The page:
The sky appears to be a colored surface above the Earth. During the day the sky’s color varies in shades of blue. At sunrise and sunset its colors may be vivid shades of red, pink, orange, yellow, and blue.
Your eyes have special light receiving cells called cones. These cells take in light and send a coded message to your brain. It is your brain that decodes the message and identifies the color as well as its shade-pale blue, bright blue, blue-green, etc….
The sky is not a surface above the Earth. Instead, when you look upward you are looking through an “ocean” of air. The gas molecules that make up the air are very small compared to dust particles. When sunlight hits these tiny gas molecules some of the light is absorbed. After a while the molecules gives off (radiates) the absorbed light but in a different directions. This is called scattering. Since blue light is scattered in all directions, no matter what part of the sky you look at blue light is coming toward you.
The air directly in front looks clear. This is because small amounts of air look clear and colorless, but when you look through miles of it, it takes on a definite color.
Discover for Yourself
Add 1 teaspoon (5mL) of instant tea or coffee to a glass of water. Stir. Hold the glass at eye level and look through the colored water. Make note of how easy it is to see through the liquid.
Using a transparent eyedropper, fill the eyedropper with the colored liquid. Look through the liquid and make note of how easy it is to see through it.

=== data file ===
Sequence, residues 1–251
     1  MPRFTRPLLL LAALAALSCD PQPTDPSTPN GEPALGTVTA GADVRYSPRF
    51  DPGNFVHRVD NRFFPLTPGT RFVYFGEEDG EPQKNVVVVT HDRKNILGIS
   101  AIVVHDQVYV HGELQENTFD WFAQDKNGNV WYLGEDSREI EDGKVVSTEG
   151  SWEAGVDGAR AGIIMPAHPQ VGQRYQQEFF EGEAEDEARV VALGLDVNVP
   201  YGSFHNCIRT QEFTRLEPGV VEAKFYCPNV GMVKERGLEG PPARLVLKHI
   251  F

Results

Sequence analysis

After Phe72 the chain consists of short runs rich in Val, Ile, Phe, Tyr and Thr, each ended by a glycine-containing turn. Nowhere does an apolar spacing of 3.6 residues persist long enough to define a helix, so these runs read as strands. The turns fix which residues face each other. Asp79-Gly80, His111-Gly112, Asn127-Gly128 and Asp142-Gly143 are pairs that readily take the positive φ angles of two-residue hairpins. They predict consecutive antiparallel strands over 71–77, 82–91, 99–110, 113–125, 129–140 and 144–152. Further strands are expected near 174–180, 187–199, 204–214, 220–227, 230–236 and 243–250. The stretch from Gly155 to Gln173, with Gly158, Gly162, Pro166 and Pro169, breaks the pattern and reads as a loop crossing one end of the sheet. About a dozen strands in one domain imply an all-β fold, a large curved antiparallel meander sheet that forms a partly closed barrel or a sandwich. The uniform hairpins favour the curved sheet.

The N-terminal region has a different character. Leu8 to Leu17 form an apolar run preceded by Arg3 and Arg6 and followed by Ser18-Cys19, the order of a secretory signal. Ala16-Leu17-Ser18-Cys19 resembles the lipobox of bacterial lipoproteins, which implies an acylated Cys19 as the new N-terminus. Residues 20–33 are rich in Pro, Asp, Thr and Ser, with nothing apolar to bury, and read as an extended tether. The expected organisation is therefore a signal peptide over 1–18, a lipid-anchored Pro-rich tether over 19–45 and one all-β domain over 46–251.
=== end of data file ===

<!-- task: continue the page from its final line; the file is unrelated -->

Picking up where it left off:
The water in the eyedropper looks more transparent than does the water in the glass. It is easier to see through the water in the eyedropper.
The water in the eyedropper is the same color as the water in the glass. The difference is that you are looking through a small amount of the water when it is in the eyedropper, The thicker the layer of water the darker will be its color. The same thing is true with air. A small amount of air looks colorless. Even a mile of air looks colorless, but ten miles looks misty blue. As the depth of the air increases the color intensifies.
Remember: The color of anything depends on the color of light that the objects scatters toward your eyes.
So why are clouds white? Because they scatter all of the sunlight that hits them.
Why are rain clouds a dark gray? Because they are generally thicker and the scattered light does not exit the bottom of the cloud. Instead, the particles making up rain clouds absorbs most of the sunlight that strikes it.
Why is the ocean blue? It is not because the blue sky is being reflected from the water’s surface. Instead, like everything that sunlight hits, the water scatters blue light from the sunlight that strikes it.